Israel needs to formulate a new Jewish-Israeli story


Israel needs to formulate a new Jewish-Israeli story that is attuned to the challenges of the future. This requires a political leadership with a lofty spiritual stature. Writes Maj. Gen. (res.) Gershon Hacohen

Last week’s Tisha b’Av fast, which commemorated the destruction of the Second Temple as well as other great disasters in Jewish history, does not really have a place on the Israeli agenda. Yet fear of the destruction of the “Third Temple” is shared by many.

Some thinkers have warned of the “danger of the eighth decade.” The monarchy of David and Solomon came to an end as a united kingdom in its eighth decade, and the Hasmonean kingdom shared a similar fate. Ari Shavit, in his new book Third Temple, analyzes how in the eighth decade of their independence, the Israelis have become their own enemies: “With security challenges one can cope…but the disintegration of identity cannot be overcome.” Film director Gidi Dar, at the first screening of his Legend of the Destruction, conveyed a similar message, saying he fears the country might cease to exist.

Not all citizens of Israel harbor a fear of annihilation. Israel has many non-Jewish citizens. While enjoying full civic equality with their Jewish compatriots, they do not share the Jews’ fear for the future of the country. This is because it is only Israeli Jews, not all Israeli citizens, who will face complete annihilation in such a horrific existential scenario. While it is true that in such a situation the residents of Umm al-Fahm or Taibe would lose the protective shell of the State of Israel, their continued existence in their places of residence, in the lap of the extended clan, would not be under threat.

Beyond physical survival, the destruction of the Third Temple of the Jewish people is of spiritual import. It would be such an immense catastrophe that it is doubtful the Jewish people would ever recover. In this sense, Jewish anxiety about Israel’s destruction has a cosmic significance.

This anxiety is a basic underlying component of Israel’s identity and purpose as a Jewish state. In this vein, David Ben-Gurion repeatedly asserted that the state of Israel is not an end in itself but a means to the perennial goal of the “redemption of Israel, ingathering of exiles, and national independence.” As he affirmed in 1950,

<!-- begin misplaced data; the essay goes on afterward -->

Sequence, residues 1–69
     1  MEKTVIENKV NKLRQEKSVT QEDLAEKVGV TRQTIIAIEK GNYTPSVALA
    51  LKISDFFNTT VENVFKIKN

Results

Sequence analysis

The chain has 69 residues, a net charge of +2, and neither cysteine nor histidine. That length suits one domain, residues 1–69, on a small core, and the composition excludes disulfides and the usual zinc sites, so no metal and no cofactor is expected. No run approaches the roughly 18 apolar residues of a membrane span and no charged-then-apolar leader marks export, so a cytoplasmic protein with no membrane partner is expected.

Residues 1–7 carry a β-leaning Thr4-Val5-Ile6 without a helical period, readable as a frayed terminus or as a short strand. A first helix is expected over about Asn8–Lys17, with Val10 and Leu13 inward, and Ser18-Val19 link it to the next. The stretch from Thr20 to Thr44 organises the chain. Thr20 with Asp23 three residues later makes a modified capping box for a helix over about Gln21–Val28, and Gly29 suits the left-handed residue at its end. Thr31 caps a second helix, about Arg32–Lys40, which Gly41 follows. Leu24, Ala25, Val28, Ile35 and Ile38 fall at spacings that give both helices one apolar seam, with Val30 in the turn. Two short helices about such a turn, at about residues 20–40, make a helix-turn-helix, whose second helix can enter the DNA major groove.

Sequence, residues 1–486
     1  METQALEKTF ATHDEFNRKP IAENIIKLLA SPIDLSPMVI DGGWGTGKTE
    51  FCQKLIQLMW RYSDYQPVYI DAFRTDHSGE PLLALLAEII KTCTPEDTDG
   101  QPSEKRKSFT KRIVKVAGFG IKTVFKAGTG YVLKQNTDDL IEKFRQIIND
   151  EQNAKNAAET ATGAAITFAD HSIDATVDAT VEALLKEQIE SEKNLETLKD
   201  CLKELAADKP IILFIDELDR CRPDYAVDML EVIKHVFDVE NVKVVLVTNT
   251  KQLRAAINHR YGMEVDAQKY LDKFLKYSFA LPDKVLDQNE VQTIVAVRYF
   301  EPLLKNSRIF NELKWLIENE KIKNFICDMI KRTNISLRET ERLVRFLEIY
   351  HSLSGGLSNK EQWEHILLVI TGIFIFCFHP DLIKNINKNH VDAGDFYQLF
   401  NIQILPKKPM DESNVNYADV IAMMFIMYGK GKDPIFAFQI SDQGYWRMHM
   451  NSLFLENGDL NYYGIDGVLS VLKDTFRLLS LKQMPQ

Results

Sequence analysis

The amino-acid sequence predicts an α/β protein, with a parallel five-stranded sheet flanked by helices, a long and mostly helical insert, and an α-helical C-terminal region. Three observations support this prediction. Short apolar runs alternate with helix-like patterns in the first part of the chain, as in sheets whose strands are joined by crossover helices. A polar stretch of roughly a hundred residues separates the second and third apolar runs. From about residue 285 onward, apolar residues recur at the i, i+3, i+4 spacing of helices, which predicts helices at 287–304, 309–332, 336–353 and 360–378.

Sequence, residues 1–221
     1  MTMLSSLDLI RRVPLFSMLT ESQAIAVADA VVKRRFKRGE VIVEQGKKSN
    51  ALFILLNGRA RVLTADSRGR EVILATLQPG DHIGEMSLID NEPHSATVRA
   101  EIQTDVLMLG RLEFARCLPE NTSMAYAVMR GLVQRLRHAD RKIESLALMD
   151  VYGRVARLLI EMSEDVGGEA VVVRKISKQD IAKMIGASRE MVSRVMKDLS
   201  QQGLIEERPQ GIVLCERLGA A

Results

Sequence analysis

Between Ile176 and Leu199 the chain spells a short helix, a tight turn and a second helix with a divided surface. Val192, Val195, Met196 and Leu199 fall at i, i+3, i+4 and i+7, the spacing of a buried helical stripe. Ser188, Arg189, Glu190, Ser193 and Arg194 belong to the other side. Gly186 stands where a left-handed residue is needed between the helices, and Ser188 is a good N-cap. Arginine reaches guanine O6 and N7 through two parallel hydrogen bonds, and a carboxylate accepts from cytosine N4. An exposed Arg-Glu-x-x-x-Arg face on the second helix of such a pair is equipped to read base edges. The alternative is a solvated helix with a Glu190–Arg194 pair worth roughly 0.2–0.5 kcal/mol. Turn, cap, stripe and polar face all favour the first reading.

Neither security nor the development of the country is the true mission of the state. Those are only necessary conditions for the true mission. Because Israel is not like other countries, and there is no instance in history like the revival of the state of Israel: the uniqueness of its revival reflects the uniqueness of its destiny…. The entire people carried the hope of the redemption in its heart, and the state is only the beginning of that hope’s fruition. And the ingathering of the exiles is the task and the destiny and the mission of the state of Israel. Without this endeavor it is emptied of its historical content and of no significance to the Jewish people in our day, in the generations that preceded us, and in the generations to come.

That awareness of a mission was shared in those days by an overwhelming majority of Israeli Jews. Shavit’s book offers a masterly portrayal of the changes that, since Ben-Gurion’s time, have fostered a completely different Israeli society. Those changes were influenced by global trends, and it is not only in Israel that domestic stability has been undermined.

The internal threat has a unique significance. In all its aspects—including with regard to Israeli Arabs—it is bound up with the story of the revival of the state. The threat of the destruction of the Third Temple is a fear that revolves around the question of the state’s identity and purpose as a Jewish state.

What is needed is not just reexamination of Israel’s Jewish roots but a cultural-religious effort to formulate a new Jewish-Israeli story that is attuned to the challenges of the future. On these issues, the people of Israel need a political leadership of lofty spiritual stature beyond the required managerial skills.

Maj. Gen. (res.) Gershon Hacohen is a senior research fellow at the Begin-Sadat Center for Strategic Studies. He served in the IDF for 42 years. He commanded troops in battles with Egypt and Syria. He was formerly a corps commander and commander of the IDF Military Colleges.


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